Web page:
In the wake of the terrorist attacks of 9/11, America was reeling on multiple fronts. While experiencing a collective wave of bereavement, Americans struggled to understand a phenomenon that they had been uniquely shielded from—that of holy war or the Islamic variant, jihad. Demonizing the enemy was a defensive reaction in the aftermath of 9/11, but cultural projections of "us versus them" fuel terrorist mindsets increasing the likelihood of further conflicts.
While it is typically assumed that holy war emerges in monotheism, the dissertation argues the custom arises in the polytheistic ancient Near East where indigenous ideologies view deities foremost as warriors. The Babylonian Enuma Elish is an exemplar of polytheistic divine warrior mythologies expressing cultural ideals about warfare as an existential struggle for order over chaos, equated to life over death. The earliest generation of deities fights to the death in epic battles that result in the creation of the cosmos and the human race. The work of humans is to toil for the gods, most particularly in warfare, as earthly conflicts have lethal cosmic consequences.
The human world of ancient warfare was saturated in the supernatural. Divination determined war strategies and warrior kings were viewed as divinely selected. Immanent deities lived in temple cultic statues carried to the battlefield where they actively adjudicated disputes through war. Warfare is ongoing because polarization between "good and evil" is perpetual. These indigenous customs migrated into monotheistic holy war. While single God religion influences ideas about holy war, polytheistic customs and rites remain surprisingly intact and can be detected in the 9/11 attacks.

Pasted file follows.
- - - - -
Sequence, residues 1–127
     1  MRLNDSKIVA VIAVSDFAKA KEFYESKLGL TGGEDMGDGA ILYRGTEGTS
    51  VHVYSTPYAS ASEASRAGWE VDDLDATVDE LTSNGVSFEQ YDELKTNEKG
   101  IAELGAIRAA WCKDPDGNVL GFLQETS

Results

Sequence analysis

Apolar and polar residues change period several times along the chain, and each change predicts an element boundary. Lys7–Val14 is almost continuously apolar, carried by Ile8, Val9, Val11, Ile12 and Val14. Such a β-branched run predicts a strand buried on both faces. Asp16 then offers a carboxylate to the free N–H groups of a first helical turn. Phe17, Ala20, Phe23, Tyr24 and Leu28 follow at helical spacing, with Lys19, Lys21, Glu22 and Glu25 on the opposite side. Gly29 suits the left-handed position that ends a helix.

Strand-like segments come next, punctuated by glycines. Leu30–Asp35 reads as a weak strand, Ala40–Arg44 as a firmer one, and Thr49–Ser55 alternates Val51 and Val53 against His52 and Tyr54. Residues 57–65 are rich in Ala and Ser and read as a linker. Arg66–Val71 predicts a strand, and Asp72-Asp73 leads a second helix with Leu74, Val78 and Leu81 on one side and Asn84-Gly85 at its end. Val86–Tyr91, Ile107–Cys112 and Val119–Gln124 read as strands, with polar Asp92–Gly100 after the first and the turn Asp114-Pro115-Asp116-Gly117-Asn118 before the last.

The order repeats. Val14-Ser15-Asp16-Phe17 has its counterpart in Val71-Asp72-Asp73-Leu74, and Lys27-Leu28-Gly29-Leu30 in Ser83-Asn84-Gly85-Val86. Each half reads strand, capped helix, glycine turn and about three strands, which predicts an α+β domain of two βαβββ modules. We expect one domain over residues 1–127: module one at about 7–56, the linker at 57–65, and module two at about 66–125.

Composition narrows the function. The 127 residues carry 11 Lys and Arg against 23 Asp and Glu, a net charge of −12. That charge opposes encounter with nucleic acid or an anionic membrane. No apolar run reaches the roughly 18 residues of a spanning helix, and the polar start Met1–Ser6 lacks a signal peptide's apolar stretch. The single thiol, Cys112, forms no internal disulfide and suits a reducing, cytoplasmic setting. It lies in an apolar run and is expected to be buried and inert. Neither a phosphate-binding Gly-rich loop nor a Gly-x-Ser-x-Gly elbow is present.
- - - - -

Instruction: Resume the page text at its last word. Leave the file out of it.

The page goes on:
This dissertation engages an interdisciplinary approach that includes mythological studies, depth psychology, religious studies, cultural-military history, archeology, political science, interviews with suicide killers, and field research in the Middle East.
The dissertation's findings alter concepts about modern jihad, positing that its central tenets are rooted in polytheistic customs and rituals. To the modern mind, the connection between religion and warfare is often viewed as pathological. From the perspective of human history, invoking deities to legitimize warfare is normative and typical.
|Advisor:||Slattery, Dennis Patrick|
|Commitee:||Shalit, Erel, Wright, Jacob L.|
|School:||Pacifica Graduate Institute|
|School Location:||United States -- California|
|Source:||DAI-B 76/02(E), Dissertation Abstracts International|
|Subjects:||Religious history, Social psychology, Near Eastern Studies|
|Keywords:||Ancient near east, Depth psychology, Holy war, Jihad, Mythological studies|
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